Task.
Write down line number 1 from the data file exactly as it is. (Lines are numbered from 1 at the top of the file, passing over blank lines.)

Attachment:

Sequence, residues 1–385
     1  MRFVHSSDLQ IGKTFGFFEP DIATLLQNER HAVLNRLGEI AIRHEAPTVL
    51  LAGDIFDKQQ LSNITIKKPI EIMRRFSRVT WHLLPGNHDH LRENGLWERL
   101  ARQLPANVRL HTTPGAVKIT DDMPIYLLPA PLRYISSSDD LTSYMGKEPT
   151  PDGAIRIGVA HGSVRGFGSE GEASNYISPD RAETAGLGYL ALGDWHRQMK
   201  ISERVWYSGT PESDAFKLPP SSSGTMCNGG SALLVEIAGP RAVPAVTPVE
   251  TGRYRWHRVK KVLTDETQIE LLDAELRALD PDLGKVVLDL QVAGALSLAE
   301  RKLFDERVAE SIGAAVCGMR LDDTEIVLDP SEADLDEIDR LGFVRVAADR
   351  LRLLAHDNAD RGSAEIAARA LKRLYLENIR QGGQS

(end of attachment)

Sequence, residues 1–385